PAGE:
Revolution Finally Gets Bike Corral; CDOT Working to Streamline Process

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Revolution Brewing owner Josh Deth, left; employee Bert Velilla is drilling. Photo by John Greenfield.

Lovers of sustainable transportation and beer rejoice! As I type this, on-street bike racks are being bolted into the asphalt in front of Revolution Brewing, 2323 North Milwaukee in Logan Square. This will be Chicago’s fifth on-street bike parking corral, replacing car parking spaces with bike racks. I talked with owner Josh Deth (an old friend of mine) about the benefits of the corral for his businesses and the community, and the sometimes-challenging process of navigating the city’s bureaucracy for permits.

John Greenfield: Congratulations on finally getting your on-street bike parking corral installed. You’ve been trying to get this installed for several weeks now. What happened that you were finally able to do it?

Josh Deth: Well, it’s a partnership with the city of Chicago’s bike program and the First Ward office. Alderman Joe Moreno was really helpful. He helped get the two parking spaces moved elsewhere in the ward [since the contract with parking concessionaire Chicago Parking Meters requires the city to compensate the company for any lost meter revenue.] We had to move two parking spots – it’s a 40-foot-long bike corral, the biggest one in the city. It kind of took a while. We had to get a right-of-way permit, we had to do a use agreement with the Department of Law, we had to get insurance certificates, we had to get the design reviewed and approved, order the racks, that kind of stuff. So there were a lot of little steps involved.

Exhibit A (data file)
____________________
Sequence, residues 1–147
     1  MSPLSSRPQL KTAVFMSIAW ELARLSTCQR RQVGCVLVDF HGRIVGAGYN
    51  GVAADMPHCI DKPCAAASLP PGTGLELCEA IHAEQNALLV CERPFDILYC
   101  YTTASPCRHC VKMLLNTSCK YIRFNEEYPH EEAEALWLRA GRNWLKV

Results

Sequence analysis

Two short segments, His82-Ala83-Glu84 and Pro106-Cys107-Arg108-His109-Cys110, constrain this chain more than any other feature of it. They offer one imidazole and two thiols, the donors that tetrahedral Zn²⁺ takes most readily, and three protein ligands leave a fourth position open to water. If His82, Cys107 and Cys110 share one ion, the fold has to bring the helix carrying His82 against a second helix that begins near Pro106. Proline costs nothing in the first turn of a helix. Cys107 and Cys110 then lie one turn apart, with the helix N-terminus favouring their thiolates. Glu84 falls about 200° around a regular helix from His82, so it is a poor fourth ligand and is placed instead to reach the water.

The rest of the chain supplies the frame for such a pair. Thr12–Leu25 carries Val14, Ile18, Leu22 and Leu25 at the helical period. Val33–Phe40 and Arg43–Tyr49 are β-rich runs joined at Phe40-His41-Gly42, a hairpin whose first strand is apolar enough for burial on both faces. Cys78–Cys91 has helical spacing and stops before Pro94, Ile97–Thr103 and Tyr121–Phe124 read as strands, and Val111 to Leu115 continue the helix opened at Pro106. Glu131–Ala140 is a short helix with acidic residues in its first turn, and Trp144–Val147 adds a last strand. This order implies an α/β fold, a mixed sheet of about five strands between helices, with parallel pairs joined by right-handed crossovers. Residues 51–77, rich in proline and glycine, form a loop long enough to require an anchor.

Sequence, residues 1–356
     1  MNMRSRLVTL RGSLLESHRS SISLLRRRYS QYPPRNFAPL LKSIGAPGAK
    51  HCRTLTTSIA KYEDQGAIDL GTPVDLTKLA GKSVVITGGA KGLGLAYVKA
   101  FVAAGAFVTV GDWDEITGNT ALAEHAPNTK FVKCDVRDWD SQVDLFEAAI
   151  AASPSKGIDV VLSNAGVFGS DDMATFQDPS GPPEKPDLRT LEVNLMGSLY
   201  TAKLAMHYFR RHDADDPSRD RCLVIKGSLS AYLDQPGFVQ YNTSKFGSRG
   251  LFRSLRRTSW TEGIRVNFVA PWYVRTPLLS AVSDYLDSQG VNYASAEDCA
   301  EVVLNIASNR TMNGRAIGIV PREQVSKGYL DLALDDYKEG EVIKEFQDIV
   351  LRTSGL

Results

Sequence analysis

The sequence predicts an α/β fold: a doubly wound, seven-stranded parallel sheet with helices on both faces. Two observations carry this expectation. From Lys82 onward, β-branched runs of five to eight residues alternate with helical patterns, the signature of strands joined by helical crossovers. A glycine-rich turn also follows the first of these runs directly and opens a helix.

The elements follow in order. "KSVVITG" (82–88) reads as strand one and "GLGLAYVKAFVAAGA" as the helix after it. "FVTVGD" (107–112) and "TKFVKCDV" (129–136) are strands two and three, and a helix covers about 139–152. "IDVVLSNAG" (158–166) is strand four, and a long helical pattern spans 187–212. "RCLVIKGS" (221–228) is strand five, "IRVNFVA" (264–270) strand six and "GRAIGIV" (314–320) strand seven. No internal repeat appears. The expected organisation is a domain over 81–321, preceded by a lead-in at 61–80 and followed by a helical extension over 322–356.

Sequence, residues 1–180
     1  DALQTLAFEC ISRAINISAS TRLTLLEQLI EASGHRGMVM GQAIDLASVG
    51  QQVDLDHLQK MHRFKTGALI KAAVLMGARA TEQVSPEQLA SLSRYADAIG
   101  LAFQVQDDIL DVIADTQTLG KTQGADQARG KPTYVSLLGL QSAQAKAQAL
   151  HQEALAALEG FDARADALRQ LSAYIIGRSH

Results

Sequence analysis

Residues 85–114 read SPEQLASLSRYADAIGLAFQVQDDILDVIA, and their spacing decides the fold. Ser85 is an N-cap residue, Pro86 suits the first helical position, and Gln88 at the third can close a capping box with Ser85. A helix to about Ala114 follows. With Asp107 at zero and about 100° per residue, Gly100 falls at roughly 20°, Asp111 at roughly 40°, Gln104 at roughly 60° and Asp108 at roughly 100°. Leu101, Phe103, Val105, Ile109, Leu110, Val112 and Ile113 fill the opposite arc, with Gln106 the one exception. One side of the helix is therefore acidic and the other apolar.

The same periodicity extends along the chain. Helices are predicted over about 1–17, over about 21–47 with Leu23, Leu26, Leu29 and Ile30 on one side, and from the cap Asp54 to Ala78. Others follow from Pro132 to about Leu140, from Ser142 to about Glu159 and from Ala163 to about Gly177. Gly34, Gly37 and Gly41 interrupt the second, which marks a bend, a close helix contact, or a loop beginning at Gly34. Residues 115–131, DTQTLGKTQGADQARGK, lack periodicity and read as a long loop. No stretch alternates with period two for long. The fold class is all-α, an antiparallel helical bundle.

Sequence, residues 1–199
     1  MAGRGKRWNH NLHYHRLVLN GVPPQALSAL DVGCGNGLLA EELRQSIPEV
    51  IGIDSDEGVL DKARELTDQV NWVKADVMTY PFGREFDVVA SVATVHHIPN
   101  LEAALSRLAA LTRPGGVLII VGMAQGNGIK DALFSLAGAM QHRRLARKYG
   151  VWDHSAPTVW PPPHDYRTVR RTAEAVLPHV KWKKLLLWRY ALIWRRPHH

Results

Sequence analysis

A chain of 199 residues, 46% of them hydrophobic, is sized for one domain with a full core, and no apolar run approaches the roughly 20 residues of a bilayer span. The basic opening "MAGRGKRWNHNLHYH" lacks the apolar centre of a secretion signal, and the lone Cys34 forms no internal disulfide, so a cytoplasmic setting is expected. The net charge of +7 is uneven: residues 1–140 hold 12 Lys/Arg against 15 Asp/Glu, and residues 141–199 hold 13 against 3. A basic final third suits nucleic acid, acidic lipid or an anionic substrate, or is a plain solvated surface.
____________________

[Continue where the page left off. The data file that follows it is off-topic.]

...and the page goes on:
JG: What was the tipping point that allowed you to move forward with installation?

JD: We got the right-of-way permit yesterday from CDOT, we got the use agreement from the law department last week, and those were the final steps.

New bike parking corral at Logan Square's Revolution Brewing
That evening, the RevBrew racks were already getting plenty of use. Photo by Steven Vance.

JG: Are you going to be adding planters?

JD: No. That’s a little bit of a sore subject. There is no city standard planter. This is like the city’s standard bike corral manufactured by Saris up in Madison, Wisconsin. In order to do planters there was a requirement to get an architect of record to make architectural drawings. That was going to cost more than the bike racks themselves. Plus, there was the cost of the planters themselves being fabricated. We ran into a lot of bureaucratic hurdles.

JG: So what do you think the corral is going to do for your business?

JD: It’s going to be great. You know, we had a bike crash occur today, just down the road a bit on Milwaukee. It was very sad. I think the woman’s going to be OK. But while we were here installing the racks there has been an endless stream of bikes. People have been coming by and saying, “Awesome,” “Congratulations,” and “That’s so cool.”

So, obviously, it’s going to allow more people to comfortably park their bikes to come into Revolution, to go to Threads Etc. [a neighboring consignment shop]. Cole [Bryson, owner of nearby Cole’s bar] came by and checked it out – he thought it was really cool. The Threads guys came by and thought it was really cool.

It’s going to encourage people to shop on the strip. There is something like two restaurants, a bar and a distillery coming in at the end of the block here, so there’s going to be a lot more activity around here. We need make room for them to be able to bike here. We’re going to have room for 20 bikes where there were two parking spots. So it’s not just for Revolution, it’s for all the neighboring businesses.

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Bike corral in front of Cafe Jumping Bean in Pilsen. Photo by John Greenfield.

As I was typing up Deth’s comments, CDOT Deputy Commissioner Scott Kubly called me with an update on his efforts to streamline the bike corral installation process. Here’s what Kubly had to say: